Attunement is a meditation on social ethics, centering on an embodied physical literacy where music and dance function together as a primer for investigating the intimate labor of care in. Drawing from my doctoral research on the philosophy of partnering, the piece challenges the performers to encounter and attune to each other in real-time ad libitum. By modulating proximity, relative position, and point(s) of contact, the performers’ work is to practice consent, and to manifest care through their consensual receptivity.
Since the possibility of harm is always present in physical interaction, the quartet is continuously challenged to orient to each other with resilience.
The score for the durational work is the final movement of J.S. Bach’s Partita No. 2 in D Minor (BWV 1004), known as the Chaconne for Solo Violin. In an act of radical deconstruction, Attunement disrupts the untouchable canonization of Bach. Through transformations, fragmentations, and inversions, violinist Daniel Kurganov boldly confronts the Chaconne's iconic structure. Teasing out overlapping elements of movement and sound, Attunement investigates the ethical possibilities of orienting toward a score, toward an instrument, toward others.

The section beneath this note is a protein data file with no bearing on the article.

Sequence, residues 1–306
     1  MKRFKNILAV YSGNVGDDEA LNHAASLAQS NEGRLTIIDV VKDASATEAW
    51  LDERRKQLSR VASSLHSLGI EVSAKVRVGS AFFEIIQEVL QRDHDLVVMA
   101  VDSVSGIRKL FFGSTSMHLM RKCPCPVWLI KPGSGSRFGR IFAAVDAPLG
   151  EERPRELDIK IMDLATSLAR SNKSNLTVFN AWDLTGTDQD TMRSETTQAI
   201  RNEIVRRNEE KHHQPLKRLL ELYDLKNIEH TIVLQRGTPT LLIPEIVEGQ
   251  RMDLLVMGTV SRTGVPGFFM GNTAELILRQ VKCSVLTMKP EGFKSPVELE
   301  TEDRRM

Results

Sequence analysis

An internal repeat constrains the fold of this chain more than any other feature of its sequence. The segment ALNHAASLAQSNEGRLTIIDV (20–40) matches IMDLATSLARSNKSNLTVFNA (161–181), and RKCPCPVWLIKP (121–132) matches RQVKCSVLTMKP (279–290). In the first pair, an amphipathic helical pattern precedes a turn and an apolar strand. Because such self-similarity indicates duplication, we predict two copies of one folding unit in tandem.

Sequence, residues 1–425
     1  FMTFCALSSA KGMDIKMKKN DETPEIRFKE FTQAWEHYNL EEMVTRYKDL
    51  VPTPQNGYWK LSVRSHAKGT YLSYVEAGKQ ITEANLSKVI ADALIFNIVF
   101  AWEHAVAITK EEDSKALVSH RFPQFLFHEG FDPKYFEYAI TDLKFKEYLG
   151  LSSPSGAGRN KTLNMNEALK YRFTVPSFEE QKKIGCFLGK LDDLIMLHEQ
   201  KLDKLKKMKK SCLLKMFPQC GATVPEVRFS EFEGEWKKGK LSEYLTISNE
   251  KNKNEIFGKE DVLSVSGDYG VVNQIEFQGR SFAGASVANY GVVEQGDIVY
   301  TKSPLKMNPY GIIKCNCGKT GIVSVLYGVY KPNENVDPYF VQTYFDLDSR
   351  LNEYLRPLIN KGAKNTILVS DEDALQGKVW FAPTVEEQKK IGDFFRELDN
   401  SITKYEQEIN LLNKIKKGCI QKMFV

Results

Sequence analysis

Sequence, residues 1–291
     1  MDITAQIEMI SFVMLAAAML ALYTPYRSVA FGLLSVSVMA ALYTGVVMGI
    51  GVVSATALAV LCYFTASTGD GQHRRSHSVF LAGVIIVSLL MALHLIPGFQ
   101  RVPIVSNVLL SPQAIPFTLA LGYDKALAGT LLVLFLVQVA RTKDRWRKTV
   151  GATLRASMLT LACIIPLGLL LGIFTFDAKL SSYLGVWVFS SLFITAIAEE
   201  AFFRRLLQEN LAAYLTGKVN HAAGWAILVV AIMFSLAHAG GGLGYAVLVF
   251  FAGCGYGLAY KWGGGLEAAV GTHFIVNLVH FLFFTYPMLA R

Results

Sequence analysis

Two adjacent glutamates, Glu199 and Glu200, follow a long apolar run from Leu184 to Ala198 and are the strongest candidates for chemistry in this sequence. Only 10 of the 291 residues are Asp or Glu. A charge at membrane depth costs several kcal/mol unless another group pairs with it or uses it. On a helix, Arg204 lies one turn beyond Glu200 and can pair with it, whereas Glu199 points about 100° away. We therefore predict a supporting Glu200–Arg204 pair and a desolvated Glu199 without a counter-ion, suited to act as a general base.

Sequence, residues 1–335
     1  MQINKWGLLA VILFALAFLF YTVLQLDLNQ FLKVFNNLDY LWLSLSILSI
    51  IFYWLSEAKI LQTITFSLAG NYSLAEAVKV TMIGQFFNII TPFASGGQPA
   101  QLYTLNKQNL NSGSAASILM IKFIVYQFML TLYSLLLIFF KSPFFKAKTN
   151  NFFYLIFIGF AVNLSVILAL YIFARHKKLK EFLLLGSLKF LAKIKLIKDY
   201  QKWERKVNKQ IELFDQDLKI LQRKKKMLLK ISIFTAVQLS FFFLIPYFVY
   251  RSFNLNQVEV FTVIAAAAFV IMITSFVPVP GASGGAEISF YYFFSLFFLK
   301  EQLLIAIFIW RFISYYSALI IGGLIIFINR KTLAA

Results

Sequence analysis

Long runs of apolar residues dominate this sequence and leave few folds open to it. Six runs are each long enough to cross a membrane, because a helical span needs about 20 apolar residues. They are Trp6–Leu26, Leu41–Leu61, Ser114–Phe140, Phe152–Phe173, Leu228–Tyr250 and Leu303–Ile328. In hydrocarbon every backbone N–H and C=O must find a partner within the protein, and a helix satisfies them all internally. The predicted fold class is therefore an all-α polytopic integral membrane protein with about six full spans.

The piece begins with a technologically-mediated duet. Establishing the interaction between movement and sound, Vidrin’s actions are captured by wearable technology. The movement is synthesized into a notation that is interpreted in real-time by Kurganov. As the piece develops, the wearable technology is removed and the audience is invited to sink into the kinesthetic realities of embodied interaction. When the performance section ends, the cast leads the audience into an immersive workshop on social ethics. Drawing on the choreographic structure of Attunement, the audience is guided through the slow, deliberate interaction.